CMS shared in a number of ecumenical projects in Foochow, including Fukien Christian University ( mainly American and started in 1916), the Union Kindergarten Training School (CMS and CEZMS sharing with the American Board of Commissioners for Foreign Missions and the Methodist Episcopal Mission) and the Foochow Christian Women’s School of Industrial Arts planned by CMS, CEZMS and the American Board and started in the early 1920s.

The Foochow Union Theological School which was opened in 1912 was a joint co-operative venture in Christian higher education by six Protestant missions. The co-operation ended in part because of differences in outlook and working practices between the American missions and CMS. There was also difficulty in finding educationally well-equipped candidates for the ministry which several missionaries acknowledged was caused by sheer lack of training offered by the mission.


Work had begun in Hong Kong in 1862 and although it was a natural centre for the mission the main work was concentrated on the mainland. In 1886 Dr Horder opened a hospital in Pakhoi and medical work spread to Limchow in 1902 where a dispensary was established and to Yunnan (later called Kunming) in 1913, where Dr Gordon Thompson was head of the hospital from 1915. Canton was declared a mission station in 1898. Its two outstanding institutions were Holy Trinity College begun in 1908 as a boys' school and until 1914 also a training college for pastors; and St Hilda's school for girls, opened in 1916 under Gertrude Bendelack's leadership. Both schools survived until the Japanese invasion of Canton in 1938.

The greatest concentration of schools, however, was in Hong Kong. St Paul's College founded in 1850 became a boarding-school in 1914 and was still flourishing in the 1970s. St Stephen's College was founded by E Judd Barnett, an outstanding pioneer missionary who was its first warden from 1903. Barnett, who was skilled in organisation and fundraising was also instrumental in the setting up of St. Stephen's Girls' College in 1907 and he played a large part in the founding of Hong Kong University.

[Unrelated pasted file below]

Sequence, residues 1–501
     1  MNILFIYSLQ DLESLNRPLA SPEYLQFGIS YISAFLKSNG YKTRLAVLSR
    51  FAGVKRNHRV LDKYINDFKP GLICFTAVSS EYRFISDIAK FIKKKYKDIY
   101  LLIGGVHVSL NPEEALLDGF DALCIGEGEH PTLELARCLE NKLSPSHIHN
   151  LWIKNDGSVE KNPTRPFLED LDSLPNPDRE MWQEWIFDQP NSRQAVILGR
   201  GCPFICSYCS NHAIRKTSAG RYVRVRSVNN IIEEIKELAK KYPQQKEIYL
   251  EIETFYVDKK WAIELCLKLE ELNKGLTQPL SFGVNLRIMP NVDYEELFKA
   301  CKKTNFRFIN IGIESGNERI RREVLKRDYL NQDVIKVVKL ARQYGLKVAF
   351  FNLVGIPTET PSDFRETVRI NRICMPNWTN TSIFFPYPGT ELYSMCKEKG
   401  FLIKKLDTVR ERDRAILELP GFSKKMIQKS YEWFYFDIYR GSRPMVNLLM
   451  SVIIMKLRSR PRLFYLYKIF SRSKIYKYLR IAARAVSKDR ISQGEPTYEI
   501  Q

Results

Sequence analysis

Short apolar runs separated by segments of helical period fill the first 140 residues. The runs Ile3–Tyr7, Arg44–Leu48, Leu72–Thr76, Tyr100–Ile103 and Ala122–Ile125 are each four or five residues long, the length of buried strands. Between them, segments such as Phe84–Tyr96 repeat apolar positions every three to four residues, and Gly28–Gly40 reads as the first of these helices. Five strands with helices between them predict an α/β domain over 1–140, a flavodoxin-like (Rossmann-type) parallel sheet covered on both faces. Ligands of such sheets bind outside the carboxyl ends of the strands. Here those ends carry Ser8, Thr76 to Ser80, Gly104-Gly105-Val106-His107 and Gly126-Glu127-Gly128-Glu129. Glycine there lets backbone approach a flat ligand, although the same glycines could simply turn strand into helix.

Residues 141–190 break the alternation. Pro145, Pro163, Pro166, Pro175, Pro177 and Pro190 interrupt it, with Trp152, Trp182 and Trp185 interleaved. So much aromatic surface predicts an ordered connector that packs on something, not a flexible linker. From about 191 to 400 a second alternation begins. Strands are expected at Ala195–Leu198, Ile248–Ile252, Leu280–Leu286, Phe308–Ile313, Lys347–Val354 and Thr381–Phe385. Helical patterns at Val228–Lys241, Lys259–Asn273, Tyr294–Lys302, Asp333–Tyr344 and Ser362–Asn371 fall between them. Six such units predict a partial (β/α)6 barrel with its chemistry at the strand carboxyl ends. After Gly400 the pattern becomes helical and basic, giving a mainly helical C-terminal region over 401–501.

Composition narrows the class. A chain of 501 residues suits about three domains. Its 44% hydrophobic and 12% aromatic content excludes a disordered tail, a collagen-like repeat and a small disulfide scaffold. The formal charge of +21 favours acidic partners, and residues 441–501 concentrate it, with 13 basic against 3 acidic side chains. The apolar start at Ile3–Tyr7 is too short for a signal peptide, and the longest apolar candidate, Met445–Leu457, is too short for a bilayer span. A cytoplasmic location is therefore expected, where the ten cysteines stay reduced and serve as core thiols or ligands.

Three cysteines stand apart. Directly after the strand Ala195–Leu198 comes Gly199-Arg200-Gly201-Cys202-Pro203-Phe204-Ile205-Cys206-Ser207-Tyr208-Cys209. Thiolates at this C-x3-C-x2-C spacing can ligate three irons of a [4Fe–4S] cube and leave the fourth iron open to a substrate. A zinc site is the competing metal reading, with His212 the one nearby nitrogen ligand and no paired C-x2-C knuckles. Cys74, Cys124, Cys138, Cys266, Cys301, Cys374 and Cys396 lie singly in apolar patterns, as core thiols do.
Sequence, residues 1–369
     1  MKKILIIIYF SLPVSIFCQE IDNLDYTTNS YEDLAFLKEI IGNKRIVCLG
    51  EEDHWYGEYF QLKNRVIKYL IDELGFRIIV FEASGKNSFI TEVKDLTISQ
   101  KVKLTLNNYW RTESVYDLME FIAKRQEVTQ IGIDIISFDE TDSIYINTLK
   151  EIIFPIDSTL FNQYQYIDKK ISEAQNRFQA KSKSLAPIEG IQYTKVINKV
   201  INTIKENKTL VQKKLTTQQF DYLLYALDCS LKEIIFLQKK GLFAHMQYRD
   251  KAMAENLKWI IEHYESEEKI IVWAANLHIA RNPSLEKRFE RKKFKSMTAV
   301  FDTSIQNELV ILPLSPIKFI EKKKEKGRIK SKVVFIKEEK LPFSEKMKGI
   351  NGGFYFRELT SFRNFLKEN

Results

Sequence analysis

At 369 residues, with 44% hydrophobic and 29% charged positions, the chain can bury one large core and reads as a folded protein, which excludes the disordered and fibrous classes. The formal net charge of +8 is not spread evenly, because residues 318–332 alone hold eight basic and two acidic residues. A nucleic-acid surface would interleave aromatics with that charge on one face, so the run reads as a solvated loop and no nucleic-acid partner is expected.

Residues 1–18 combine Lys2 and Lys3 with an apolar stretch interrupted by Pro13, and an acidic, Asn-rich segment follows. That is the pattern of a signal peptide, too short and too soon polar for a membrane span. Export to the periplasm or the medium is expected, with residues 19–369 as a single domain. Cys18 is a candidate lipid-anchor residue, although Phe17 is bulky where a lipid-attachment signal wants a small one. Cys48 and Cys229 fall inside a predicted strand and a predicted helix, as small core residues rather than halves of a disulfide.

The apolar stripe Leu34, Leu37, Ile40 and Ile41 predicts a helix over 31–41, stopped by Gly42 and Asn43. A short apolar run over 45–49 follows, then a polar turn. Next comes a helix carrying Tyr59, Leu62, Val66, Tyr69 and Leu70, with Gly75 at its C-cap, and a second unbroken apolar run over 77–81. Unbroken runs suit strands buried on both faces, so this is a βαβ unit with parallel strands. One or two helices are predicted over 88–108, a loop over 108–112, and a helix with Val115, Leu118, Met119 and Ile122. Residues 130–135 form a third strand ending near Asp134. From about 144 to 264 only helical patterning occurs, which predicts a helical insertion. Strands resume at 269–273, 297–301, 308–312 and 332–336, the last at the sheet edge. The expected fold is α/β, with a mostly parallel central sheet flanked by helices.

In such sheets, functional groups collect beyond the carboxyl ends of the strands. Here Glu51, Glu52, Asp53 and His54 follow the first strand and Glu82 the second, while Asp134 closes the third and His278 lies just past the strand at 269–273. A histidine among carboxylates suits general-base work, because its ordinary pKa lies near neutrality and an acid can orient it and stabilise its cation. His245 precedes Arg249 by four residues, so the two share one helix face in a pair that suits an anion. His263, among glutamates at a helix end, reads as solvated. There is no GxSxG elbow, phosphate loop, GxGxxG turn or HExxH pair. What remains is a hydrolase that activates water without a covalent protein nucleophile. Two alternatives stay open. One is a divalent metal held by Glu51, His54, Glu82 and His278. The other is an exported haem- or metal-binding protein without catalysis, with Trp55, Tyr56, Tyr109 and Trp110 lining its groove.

As the South China mission was the longest-established CMS mission in China it was not surprising that it achieved more nearly than the other missions the gradual transfer of power from mission to church which was a hallmark of CMS activity in the 1920s and 1930s. A Chinese Church Body had been formed in Hong Kong in 1902 and in 1913 the diocese was formally set up with a constitution and synod. By 1929 the diocesan board of missions had authority over foreign missionaries.

The diocese was led by a succession of men very closely connected with CMS and quite clear that mission was their primary task. R O Hall who was Bishop of Hong Kong from 1932 to 1966 was a remarkable and far-sighted man deeply committed to building up a vigorous Chinese church. He was ahead of his time in ordaining worker-priests (the first in 1938) and in 1944 he ordained Deaconess Florence Lee Tim-oi to the priesthood to serve the Anglican congregation in Macao, who were isolated by the Japanese occupation of south China.


The first bishop of Kwangsi-Hunan, William Banister, was consecrated in 1909. CMS had work in Kweilin from 1899 and in Yungchow from 1903, and in 1910 with the impetus of Banister's appointment missionaries entered Hengchow. The following year CMS declared the diocese an individual mission with its own secretary and conference, though it was the smallest of the CMS China missions, having only 18 missionaries. Its only large institution was the hospital at Kweilin, which had opened in 1910 and was in the charge of Dr Charlotte Bacon (ne Bailey). Negotiations about the constitution of the diocese were begun by Bishop Banister in 1913, but the small numbers of Christians made progress slow and CMS did not agree the formal constitution until 1921. But the Church grew steadily and gradually control moved from the mission to the diocese.

By 1930 it was almost complete and the 'Five Years Movement' initiated throughout the land by the National Christian Council of China gave a fresh impetus to evangelism. These years of peaceful growth and development had contrasted with the first twenty years of the century when there were continual power struggles and missionaries ran a constant risk of being captured by bandits. But in 1937 war with Japan broke out and many of the missionaries had to leave. When the republic was proclaimed in 1949 only a few returned and by 1951 they had all gone.

The CMS Archives reveal much about Chinese history and culture. They record the collision between western and indigenous cultures and the changes that resulted from this. They describe the introduction of western medicine, the establishment of schools and the confrontations and compromises between differing religious beliefs. The papers are a rich source for ethnologists, social historians and all those trying to understand China before and after missionary intervention.